There is a story, which some say is apocryphal, that Will Mayo visited Johns Hopkins and was observing Dr. Halsted perform a radical mastectomy. It is said that the older Mayo brother stepped out of the operating room shaking his head after 2 hours and said: “My God, this is the first time I have seen the wound healing at the upper end while it is still being operated upon at the lower end.”
Halsted was the one who first used surgical gloves. But not for the reasons we use them today. At his time, the operating team dipped hands and forearms in carbol to disinfect them before the surgery. Unfortunately, the chemical was so strong, that it left skin burned and discolored. Halsted himself didn’t mind it, but his scrub nurse did. The fact that she was his girlfriend, and a future Mrs. Halsted, helped. So, he wrote a letter to the Goodyear Company and asked them to design rubber gloves. Soon the entire operating team was using them.
Halsted applied the floating scale for determining his fees. He often transported, hospitalized, and operated at Hopkins upon individuals from the North Carolina mountains around his summer home, High Hampton. With these “neighbors,” the Halsteds would cover all the expenses themselves. At the other end of the scale, one can find a bill submitted for amputation for a popliteal artery thrombosis for $13,825; and this, of course, was in the years before the income tax.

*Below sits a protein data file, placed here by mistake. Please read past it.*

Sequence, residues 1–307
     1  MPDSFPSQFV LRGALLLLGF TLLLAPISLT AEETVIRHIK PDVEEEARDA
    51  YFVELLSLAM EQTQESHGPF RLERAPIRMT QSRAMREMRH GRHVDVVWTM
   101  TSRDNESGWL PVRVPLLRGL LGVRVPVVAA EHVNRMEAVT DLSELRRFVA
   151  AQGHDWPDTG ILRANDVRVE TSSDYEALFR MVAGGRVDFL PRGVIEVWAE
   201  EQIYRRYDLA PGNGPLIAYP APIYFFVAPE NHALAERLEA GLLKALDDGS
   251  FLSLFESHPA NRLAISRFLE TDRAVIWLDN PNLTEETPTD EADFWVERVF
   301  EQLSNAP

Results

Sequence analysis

The search for perfection was obvious in many areas of Dr. Halsted’s daily life. He imported his shoes from a particular Paris boot maker. Other leather goods came from a specific London firm. For many years. There is the story about Parisian laundry slips. His linen shirts he mailed abroad, to Paris, for quite some time because he could not find a laundry in Baltimore that could launder a dress shirt to his satisfaction.
But Halsted also had a dark side to his life. He was a cocaine addict. Many times he had to interrupt surgery to be injected with cocaine by a nurse. Later on, he tried to cure his cocaine addiction with morphine. Halsted became addicted to both. It’s difficult to understand how in the world he maintained such a productive life for thirty-some years, having up to three-gram-daily cocaine habit. Congress had passed the first legislature regulating cocaine in this country in 1914.